• Go with a person you feel safe with
  • Bring food or something to share
  • Reserve your judgements of others as much as you can
  • Recognise that the other people may be nervous too
  • Ask questions and share stories
  • Smile if you can — it makes you feel confident
  • Breathe (you usually take it for granted and fear limits this normal function)
  • Avoid overindulging in alcohol or food
  • Focus on the bigger picture, why you’re there in the first place
  • Be open to being surprised

In the video you’ll notice the shock, surprise, delight and gratitude that the poor couples being set up have on their faces. Sometimes taking risk has great rewards. May you experience this for yourself over the holiday season and beyond.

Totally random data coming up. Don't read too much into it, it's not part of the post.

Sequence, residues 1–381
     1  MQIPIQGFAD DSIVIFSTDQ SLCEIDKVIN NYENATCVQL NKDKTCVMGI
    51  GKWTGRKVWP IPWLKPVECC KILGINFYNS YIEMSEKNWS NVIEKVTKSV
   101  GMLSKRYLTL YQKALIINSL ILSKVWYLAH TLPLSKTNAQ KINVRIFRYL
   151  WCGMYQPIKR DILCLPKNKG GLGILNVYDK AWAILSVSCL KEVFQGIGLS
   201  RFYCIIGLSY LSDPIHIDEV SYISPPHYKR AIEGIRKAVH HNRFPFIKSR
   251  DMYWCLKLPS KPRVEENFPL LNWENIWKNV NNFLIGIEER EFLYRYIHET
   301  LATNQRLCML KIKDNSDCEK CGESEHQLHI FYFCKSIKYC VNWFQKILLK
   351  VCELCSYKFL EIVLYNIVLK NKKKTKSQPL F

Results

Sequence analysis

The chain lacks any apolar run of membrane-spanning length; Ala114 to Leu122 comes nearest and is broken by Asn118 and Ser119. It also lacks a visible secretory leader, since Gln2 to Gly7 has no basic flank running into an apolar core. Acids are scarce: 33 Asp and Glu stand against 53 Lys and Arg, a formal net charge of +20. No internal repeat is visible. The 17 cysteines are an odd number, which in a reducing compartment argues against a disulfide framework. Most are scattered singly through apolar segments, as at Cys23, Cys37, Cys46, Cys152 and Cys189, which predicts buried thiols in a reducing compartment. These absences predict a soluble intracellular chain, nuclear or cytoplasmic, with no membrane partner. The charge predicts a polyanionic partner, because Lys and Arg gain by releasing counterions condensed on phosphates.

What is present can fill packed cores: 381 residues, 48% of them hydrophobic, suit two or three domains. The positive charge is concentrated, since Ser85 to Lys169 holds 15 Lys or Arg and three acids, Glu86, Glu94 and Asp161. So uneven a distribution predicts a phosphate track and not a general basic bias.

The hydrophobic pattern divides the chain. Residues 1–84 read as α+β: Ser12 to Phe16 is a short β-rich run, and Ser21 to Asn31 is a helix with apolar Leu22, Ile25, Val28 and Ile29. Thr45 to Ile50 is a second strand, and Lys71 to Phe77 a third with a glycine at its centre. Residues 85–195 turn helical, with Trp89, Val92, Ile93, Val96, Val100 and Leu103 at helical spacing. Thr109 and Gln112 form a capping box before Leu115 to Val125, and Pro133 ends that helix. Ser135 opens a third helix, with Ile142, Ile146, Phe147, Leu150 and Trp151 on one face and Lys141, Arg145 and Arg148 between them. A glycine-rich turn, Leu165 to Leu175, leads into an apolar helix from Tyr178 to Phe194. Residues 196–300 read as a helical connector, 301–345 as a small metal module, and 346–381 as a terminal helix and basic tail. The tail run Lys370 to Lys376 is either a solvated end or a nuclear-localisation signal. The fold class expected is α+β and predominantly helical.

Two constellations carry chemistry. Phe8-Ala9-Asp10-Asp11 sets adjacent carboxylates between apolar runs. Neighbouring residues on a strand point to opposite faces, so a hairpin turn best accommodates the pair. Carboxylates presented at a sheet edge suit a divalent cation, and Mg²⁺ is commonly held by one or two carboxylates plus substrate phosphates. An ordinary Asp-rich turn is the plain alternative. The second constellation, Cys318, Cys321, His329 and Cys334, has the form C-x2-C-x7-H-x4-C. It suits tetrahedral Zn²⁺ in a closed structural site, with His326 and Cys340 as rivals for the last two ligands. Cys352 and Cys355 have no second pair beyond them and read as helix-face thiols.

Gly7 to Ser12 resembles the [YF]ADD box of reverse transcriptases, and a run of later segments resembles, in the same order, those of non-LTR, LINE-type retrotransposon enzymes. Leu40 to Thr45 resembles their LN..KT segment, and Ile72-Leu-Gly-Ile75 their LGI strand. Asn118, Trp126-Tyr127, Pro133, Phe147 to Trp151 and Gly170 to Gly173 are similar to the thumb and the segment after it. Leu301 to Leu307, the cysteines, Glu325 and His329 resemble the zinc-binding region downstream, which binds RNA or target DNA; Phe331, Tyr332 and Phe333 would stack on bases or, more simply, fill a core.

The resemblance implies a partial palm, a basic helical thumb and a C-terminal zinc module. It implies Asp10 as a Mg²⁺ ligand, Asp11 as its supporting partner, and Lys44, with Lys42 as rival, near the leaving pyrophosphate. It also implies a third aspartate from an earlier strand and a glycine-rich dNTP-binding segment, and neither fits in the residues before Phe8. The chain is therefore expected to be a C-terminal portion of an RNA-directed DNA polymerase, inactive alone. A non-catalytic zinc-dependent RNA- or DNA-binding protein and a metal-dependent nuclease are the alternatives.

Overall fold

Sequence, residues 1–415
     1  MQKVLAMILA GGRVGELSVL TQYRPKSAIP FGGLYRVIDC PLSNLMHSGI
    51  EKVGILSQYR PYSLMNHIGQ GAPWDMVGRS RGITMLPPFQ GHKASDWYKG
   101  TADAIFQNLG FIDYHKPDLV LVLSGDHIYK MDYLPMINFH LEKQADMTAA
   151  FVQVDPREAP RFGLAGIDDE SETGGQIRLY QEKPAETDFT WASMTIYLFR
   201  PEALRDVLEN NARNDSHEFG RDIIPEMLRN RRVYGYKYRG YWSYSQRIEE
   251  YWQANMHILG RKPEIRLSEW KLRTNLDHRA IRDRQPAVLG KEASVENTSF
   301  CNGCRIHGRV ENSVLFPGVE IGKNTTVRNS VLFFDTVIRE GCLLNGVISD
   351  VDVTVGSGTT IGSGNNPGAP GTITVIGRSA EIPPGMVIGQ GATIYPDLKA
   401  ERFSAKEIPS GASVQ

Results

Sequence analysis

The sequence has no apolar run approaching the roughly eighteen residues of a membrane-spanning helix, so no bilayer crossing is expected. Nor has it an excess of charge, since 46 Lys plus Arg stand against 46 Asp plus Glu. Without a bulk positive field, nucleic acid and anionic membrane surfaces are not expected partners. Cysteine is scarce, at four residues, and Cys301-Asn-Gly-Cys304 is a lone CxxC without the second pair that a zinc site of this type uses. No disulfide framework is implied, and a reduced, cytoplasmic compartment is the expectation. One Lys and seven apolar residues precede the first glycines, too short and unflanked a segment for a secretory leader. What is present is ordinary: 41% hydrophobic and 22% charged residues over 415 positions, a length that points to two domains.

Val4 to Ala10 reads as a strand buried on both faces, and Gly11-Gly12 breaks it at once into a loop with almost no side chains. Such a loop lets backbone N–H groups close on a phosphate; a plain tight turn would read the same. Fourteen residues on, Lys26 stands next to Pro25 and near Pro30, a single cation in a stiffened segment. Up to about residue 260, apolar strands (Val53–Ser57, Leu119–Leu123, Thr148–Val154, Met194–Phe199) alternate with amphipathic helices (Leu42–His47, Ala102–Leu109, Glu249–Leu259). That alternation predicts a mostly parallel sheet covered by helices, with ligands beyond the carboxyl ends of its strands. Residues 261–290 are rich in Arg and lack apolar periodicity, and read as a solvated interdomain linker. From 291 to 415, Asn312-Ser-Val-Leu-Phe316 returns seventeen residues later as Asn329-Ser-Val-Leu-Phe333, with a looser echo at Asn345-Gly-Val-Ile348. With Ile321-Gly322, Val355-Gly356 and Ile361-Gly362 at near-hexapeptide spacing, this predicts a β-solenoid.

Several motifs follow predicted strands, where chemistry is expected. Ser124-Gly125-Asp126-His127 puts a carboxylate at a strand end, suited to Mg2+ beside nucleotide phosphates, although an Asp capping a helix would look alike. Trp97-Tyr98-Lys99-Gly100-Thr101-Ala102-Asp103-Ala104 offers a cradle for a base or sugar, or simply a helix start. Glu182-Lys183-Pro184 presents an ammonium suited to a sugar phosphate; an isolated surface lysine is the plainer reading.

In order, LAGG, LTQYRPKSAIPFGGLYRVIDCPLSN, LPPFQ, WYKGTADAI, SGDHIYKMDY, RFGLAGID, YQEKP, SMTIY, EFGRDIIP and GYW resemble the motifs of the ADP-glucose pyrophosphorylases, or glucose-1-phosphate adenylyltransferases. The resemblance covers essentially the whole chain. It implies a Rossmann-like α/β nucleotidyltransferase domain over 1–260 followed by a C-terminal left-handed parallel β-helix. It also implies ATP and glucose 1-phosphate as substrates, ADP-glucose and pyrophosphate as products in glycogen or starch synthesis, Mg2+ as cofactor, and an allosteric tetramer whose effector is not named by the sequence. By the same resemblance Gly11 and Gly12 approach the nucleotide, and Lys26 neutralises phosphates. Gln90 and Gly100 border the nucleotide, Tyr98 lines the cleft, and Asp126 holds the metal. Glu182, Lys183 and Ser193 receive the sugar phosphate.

New Orleans: Neigborhood holiday season party ...

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Membership Has Its Benefits for Buying US Products in Australia

Despite the title, I’m not talking about the American Express slogan. I got roped into going to the new Costco here in Sydney. My brother-in-law was born with the American consumer gene, belying his Chinese-Malaysian heritage. He was one of the first people in Australia to get a Costco membership well before one opened here in Sydney. According to their website the Costco Auburn location opened 21 July 2011 and my brother-in-law was one of the first of those 5000 customers in the door.

costco feeding frenzy

Image by jovino via Flickr

I do not like large crowds and have avoided the lure of this American club all this time until those of us responsible for Christmas dinner were lured into a tour of duty to buy supplies for the upcoming festivities.